However, when comparing the Carolina bottle with the registrations for the contour bottle the Judge held that they were not sufficiently similar to establish infringement. There were differences in the “waist” feature and the presence of a “waist” feature is common to the trade. The Judge identified 5 distinctive features portrayed in the contour bottle registrations, but only found one of those features to be shared by the Carolina bottle. The Judge also noted that the Carolina bottle’s embossed horizontal wave pattern further distinguished it from the contour bottle. The Judge refused to allow the findings on infringement to be influenced by Coca-Cola’s use in advertising campaigns of silhouette’s of the contour bottle. They were not considered fair and normal use of the registered marks as they are not a full expression of or surrogate for those marks.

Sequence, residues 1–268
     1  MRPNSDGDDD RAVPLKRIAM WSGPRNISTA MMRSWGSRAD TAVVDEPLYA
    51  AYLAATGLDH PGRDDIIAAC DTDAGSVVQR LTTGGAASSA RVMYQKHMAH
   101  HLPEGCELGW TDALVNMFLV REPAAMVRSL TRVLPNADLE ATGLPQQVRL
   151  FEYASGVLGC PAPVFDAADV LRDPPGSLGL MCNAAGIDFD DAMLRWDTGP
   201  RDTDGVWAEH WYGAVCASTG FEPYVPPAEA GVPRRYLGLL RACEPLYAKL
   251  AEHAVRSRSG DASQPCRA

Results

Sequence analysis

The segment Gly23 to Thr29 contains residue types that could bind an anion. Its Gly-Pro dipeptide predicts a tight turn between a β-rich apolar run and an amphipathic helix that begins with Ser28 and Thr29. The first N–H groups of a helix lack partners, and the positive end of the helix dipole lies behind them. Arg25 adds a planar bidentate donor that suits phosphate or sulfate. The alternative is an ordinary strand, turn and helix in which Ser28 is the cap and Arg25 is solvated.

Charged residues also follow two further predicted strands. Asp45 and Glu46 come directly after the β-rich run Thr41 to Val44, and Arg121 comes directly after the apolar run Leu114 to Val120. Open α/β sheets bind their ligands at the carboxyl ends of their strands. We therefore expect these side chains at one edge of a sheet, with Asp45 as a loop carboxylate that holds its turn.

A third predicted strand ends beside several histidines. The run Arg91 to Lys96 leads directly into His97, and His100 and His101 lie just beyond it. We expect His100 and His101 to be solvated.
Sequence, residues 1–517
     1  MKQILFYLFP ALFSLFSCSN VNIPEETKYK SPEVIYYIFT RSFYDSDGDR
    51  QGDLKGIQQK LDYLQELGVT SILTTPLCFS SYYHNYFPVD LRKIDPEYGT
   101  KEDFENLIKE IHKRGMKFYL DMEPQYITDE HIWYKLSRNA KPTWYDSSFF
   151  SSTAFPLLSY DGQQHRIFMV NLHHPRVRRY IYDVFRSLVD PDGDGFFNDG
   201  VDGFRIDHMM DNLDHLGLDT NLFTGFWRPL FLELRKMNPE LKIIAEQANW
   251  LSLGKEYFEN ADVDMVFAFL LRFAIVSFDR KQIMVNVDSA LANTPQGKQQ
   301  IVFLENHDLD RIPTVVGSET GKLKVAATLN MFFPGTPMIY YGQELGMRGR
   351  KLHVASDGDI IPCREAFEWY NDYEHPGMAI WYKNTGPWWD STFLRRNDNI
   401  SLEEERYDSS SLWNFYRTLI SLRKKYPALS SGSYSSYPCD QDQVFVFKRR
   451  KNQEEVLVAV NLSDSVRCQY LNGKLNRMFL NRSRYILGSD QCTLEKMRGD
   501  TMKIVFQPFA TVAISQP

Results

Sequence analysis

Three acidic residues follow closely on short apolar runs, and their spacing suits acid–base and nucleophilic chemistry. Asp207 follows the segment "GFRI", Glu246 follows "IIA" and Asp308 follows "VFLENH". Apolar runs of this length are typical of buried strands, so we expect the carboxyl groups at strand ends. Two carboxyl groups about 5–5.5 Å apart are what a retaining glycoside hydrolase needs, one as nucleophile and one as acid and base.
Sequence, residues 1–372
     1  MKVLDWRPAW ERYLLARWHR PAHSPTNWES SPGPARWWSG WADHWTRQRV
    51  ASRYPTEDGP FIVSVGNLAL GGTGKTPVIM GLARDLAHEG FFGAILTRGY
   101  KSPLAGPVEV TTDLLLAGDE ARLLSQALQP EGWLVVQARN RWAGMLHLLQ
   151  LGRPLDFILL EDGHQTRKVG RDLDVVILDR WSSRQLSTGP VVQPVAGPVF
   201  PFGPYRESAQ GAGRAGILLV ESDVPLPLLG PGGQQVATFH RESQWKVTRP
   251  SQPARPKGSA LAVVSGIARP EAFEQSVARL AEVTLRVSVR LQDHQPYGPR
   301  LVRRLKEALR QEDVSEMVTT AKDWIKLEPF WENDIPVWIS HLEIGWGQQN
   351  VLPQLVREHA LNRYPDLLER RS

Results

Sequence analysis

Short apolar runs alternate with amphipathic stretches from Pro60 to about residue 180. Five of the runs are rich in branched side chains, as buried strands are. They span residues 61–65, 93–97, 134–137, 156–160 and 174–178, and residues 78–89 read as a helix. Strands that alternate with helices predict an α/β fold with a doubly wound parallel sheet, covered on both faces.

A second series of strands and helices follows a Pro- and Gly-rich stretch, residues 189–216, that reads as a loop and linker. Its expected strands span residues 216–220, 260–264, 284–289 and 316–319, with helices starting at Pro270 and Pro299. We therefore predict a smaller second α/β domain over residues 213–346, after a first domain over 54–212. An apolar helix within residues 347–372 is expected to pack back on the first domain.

While not required to the Judge went on to hold on the basis of the foregoing analysis that no issue of deception or confusion can arise. The Judge also noted that despite Coca-Cola’s domination of the market no evidence of confusion was available and it was unlikely that any such confusion would remain undetected. Coca-Cola’s passing off and breach of the Fair Trading Act actions likewise failed due to lack of similarity and lack of confusion.